7. Great post. I don’t think I’d do too well as a temp worker. I like a structure – a chair of my own to sit in, a computer of my own to work on, an office of my own (not a cubicle) – within which I can execute my duties pretty freely. Most days, I get to set my agenda for the day and pace myself at the rate I want to work. There are days, of course, when last-minute projects get dumped on my desk, or other silliness goes on in the workplace that I have to address, which are long and exhausting. Fortunately, they are not the norm.


  8. () –

    Meme? Meme?! We don’t do no steenking memes here.


  9. pc –

    Wait till you see the movie! I have a bit part in it, playing a retired terrorist newsboy.

    chappie –



  10. Didn’t you get the meme memo at your last high tempo temp job?


  11. () –

    We don’t do no steenking memos either!


  12. We don’t do no steenking memos either!

    Ah, another difference. I’m pretty much the Memo Queen at my office. There are two reasons for this:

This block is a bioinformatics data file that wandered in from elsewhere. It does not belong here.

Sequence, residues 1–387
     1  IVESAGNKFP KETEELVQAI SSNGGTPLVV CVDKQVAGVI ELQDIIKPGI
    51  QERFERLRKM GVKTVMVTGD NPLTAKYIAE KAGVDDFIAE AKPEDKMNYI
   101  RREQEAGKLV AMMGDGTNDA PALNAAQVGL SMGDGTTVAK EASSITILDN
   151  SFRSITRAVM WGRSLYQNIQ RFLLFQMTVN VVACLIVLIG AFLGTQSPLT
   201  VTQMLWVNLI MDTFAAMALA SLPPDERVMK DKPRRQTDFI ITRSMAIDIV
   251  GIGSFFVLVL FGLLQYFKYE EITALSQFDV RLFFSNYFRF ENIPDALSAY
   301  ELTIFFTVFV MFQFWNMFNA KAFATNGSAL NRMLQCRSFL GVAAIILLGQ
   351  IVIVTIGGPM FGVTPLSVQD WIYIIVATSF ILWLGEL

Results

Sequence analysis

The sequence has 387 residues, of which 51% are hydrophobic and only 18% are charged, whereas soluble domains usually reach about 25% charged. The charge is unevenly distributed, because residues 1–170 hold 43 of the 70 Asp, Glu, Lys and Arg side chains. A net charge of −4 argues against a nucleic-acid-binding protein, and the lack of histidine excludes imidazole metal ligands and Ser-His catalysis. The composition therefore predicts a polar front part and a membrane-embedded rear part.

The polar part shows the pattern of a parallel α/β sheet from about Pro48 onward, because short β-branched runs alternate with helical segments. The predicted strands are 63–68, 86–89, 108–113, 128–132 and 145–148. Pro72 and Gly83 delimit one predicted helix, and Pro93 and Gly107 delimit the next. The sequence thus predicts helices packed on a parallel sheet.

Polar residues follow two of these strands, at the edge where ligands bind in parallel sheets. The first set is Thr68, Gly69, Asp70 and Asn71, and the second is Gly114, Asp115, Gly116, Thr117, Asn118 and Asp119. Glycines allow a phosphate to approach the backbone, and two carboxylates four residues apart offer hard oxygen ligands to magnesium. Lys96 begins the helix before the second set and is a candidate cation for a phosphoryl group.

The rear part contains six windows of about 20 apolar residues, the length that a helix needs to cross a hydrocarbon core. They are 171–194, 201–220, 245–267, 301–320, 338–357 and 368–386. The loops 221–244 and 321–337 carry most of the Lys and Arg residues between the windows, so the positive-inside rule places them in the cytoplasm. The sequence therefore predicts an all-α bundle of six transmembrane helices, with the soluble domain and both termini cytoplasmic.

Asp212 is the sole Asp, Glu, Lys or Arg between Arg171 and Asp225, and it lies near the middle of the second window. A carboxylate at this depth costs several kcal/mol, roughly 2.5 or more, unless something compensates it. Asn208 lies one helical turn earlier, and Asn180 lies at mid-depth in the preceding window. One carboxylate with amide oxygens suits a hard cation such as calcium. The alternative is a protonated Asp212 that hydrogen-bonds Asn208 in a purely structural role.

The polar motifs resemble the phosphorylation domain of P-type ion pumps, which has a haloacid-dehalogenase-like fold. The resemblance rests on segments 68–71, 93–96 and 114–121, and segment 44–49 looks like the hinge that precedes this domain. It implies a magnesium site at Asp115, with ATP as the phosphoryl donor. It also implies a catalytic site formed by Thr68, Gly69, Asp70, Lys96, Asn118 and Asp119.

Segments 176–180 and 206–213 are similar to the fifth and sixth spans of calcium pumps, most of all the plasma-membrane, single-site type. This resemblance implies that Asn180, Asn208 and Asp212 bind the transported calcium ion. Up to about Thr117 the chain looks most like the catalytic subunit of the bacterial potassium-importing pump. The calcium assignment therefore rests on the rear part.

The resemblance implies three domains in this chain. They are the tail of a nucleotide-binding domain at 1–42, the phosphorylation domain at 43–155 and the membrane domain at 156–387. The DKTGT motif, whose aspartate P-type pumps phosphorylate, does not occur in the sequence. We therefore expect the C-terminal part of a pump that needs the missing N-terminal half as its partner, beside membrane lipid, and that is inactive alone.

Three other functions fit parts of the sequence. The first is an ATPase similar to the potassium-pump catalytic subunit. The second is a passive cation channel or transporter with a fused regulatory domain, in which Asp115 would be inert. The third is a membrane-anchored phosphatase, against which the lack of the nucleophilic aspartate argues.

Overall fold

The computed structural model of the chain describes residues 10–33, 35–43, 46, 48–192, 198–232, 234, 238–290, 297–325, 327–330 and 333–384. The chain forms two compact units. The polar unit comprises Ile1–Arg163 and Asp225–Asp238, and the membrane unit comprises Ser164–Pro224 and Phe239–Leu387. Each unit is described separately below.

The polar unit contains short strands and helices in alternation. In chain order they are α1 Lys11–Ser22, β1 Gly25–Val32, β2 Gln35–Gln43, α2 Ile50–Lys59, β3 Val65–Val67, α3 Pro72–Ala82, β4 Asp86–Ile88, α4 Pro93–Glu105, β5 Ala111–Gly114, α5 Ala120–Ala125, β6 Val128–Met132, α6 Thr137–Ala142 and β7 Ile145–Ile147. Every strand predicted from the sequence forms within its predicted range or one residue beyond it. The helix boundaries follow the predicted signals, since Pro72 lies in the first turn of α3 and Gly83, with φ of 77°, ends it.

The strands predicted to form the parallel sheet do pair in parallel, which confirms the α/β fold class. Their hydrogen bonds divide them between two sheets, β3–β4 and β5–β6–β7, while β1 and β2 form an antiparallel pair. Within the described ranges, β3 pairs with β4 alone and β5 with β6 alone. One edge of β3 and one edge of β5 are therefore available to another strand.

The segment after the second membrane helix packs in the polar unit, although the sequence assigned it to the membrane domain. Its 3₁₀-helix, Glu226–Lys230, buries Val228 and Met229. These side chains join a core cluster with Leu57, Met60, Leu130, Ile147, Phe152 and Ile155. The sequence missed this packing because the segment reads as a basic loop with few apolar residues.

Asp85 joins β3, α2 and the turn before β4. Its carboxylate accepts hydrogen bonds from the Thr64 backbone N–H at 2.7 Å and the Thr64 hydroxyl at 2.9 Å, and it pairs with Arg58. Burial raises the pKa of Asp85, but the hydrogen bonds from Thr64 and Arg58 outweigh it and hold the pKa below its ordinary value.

1. To try to promote communications
    2. To cover my ass if something gets screwed up. I’m a big believer in paper trails.


  13. Maybe you got it but your meme memo memory has disappeared down a rabbit hole.

    Chappie: I suck at memos. However, my emails are quite traceable and have, on occasion, kept my ass in one piece.


  14. chappie –

    If you’re covering your ass with paper, doesn’t it make weird crinkly sounds when you sit down?

    () –

    We don’t do no steenking rabbit holes either.


  15. If you’re covering your ass with paper, doesn’t it make weird crinkly sounds when you sit down?

    The crinkling hides the creaking of the old joints. 🙂


  16. What holes do you need?


  17. Well, my brain has memory holes, but we don’t need no steenking brains either. (Which reminds me, there’ s zombie movie on tonight.)


  18. The crinkling hides the creaking of the old joints.

    Maybe you should see your dealer and get some fresh ones?